So, very well done and many. many congratulations.         

Dr. Magi Sue
(Senior Lecturer,
University of Southampton)

Hi Kim

Great to see you this evening; very well done with the book and all the hard work you have completed, not an easy task that showed dedication and a truthful account of people within the subject matter.

I have seen many books about transplants and donors, but what makes yours great is that the content portrays very many different perspectives and engages the reader in a modern and up to date way.

It would be fabulous if many people who needed a transplant or are thinking about signing the donor registry could read it.

I am very proud to be in your book and proud to know you, me and Zeena thoroughly enjoyed the show.

Best wishes

Namik (Heart Transplant Patient), Zeena, Shireen and Leyla

 

Dear Kim

I wanted to write to let you know just how much I thought of the book. It is simply fantastic. Great information for everyone and manages to stay touching throughout.

I hope to work with you to ensure that all patients entering the waiting list get given a copy of your work.

Once again thank you for all of your work on the subject.

Kind regards,

Alexander Hole (Kidney Recipient) 

 

Absolutely fabulous. Everyone on the waiting list should have one!

Professor John Wallwork, Heart Surgeon

 

Remarkable, just what the transplant community has been waiting for - amazing photography

Anna Perkins, Transplant Trust

 

Other Comments:

Well done - very pleased to see it in print.

We were very impressed by the quality of your book and exhibition.

This is fantastic! You make us so proud.

What an impressive piece of work! I hope it will make a very significant impact on the way people think about donation and transplant. It certainly should!

Such an inspirational piece of work. Congratulations. Every potential live donor should read this book to help them understand the gift they have to give. I hope to see it widely circulated soon!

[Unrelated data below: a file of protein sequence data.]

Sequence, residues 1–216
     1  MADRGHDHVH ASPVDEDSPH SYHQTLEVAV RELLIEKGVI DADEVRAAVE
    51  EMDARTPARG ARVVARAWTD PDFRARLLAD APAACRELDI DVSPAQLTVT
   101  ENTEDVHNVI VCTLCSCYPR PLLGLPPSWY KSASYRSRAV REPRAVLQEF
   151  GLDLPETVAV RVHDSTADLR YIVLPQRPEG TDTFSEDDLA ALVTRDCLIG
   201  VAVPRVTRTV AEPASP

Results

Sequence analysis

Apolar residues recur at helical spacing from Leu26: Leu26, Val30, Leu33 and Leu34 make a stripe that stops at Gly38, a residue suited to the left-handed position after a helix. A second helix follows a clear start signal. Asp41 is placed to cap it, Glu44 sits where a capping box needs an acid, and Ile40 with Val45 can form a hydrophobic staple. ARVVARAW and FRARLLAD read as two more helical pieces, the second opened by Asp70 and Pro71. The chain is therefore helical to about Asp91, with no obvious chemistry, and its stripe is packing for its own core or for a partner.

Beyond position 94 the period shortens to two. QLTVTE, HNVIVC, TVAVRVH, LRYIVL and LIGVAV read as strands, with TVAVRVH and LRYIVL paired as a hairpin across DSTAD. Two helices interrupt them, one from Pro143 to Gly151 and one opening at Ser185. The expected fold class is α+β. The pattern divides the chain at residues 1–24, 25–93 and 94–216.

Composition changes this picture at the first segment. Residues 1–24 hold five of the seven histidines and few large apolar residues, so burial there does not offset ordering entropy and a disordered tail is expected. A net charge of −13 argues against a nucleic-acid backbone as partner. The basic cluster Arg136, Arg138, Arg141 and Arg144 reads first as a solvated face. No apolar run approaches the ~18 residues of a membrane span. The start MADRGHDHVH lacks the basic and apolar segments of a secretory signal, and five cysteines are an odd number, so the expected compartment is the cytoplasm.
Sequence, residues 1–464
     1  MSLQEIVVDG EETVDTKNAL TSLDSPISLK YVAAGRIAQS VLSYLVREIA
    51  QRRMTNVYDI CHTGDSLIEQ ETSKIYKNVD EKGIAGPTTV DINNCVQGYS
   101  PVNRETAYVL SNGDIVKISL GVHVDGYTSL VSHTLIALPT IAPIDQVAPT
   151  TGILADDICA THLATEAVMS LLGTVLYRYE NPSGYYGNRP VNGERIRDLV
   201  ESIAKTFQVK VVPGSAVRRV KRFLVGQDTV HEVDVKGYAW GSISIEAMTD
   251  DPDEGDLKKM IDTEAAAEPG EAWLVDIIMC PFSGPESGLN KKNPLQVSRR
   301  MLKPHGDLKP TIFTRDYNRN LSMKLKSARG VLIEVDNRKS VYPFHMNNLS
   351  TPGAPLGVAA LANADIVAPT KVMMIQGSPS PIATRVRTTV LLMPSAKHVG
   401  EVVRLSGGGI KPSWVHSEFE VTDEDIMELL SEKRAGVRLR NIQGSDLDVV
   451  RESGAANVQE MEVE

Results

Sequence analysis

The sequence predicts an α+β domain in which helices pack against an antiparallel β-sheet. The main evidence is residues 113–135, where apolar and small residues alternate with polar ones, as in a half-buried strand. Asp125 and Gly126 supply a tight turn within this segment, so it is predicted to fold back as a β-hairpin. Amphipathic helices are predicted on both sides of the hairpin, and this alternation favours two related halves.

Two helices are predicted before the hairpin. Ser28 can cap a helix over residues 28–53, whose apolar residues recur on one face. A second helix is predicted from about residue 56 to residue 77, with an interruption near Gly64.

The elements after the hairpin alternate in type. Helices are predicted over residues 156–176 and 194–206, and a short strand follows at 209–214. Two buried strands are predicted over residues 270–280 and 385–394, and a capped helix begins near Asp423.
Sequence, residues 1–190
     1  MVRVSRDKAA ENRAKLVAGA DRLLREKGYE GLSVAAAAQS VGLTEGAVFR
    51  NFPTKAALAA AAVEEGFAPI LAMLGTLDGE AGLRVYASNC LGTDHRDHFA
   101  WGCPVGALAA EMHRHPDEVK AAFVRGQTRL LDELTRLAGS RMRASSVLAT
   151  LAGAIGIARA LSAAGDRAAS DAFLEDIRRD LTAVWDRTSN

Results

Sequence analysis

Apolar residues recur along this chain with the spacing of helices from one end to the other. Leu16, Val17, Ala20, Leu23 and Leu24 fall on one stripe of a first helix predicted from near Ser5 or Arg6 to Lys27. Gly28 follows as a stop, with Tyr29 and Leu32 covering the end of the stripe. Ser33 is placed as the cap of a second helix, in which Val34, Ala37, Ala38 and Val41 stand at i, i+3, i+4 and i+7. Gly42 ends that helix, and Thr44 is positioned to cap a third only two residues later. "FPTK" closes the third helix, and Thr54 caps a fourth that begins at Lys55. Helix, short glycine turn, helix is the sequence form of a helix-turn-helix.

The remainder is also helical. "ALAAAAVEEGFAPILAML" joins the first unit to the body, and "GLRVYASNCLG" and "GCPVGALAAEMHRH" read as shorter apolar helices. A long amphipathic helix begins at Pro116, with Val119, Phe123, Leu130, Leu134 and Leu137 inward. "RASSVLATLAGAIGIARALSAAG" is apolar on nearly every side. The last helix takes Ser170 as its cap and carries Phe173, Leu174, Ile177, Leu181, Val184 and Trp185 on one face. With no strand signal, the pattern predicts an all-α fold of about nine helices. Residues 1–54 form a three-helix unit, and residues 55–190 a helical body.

Absolutely fantastic! You did bring tears to my eyes reading your book. Keep up the good work and look forward to seeing more of your books in Waterstones.

As a transplant recipient I think the book is marvellous. A must for every person who is diagnosed as requiring a transplant. The book must be available as a minimum in every transplant unit. Kim's work in producing the book must be applauded as an outstanding piece of work that can only improve transplantation and the positive issues surrounding it. 

Your photos are so full of emotion - they are extremely moving.

An inspiring exhibition. Thank you

What a fantastically inspirational collection of work!

I really appreciated your work, it combines perfectly art and social engagement... I wish you good luck for your next projects!

What you've done is amazing! Your commitment, strength, sensibility... keep following your instinct.

Truly inspirational work - you should be exceptionally proud of yourself.

Your commitment and determination really shows in this work. Someone will publish it... they would be crazy not to!

I still get emotional when I see your project. It's wonderful.